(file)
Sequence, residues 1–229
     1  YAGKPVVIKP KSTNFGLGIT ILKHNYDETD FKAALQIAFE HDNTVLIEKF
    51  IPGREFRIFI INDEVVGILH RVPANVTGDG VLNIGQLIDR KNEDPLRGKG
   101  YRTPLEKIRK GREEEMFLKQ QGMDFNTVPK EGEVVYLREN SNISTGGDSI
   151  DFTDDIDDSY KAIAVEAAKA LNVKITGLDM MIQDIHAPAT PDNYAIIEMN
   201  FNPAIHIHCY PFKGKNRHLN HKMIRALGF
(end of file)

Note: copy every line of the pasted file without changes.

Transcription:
Sequence, residues 1–229
     1  YAGKPVVIKP KSTNFGLGIT ILKHNYDETD FKAALQIAFE HDNTVLIEKF
    51  IPGREFRIFI INDEVVGILH RVPANVTGDG VLNIGQLIDR KNEDPLRGKG
   101  YRTPLEKIRK GREEEMFLKQ QGMDFNTVPK EGEVVYLREN SNISTGGDSI
   151  DFTDDIDDSY KAIAVEAAKA LNVKITGLDM MIQDIHAPAT PDNYAIIEMN
   201  FNPAIHIHCY PFKGKNRHLN HKMIRALGF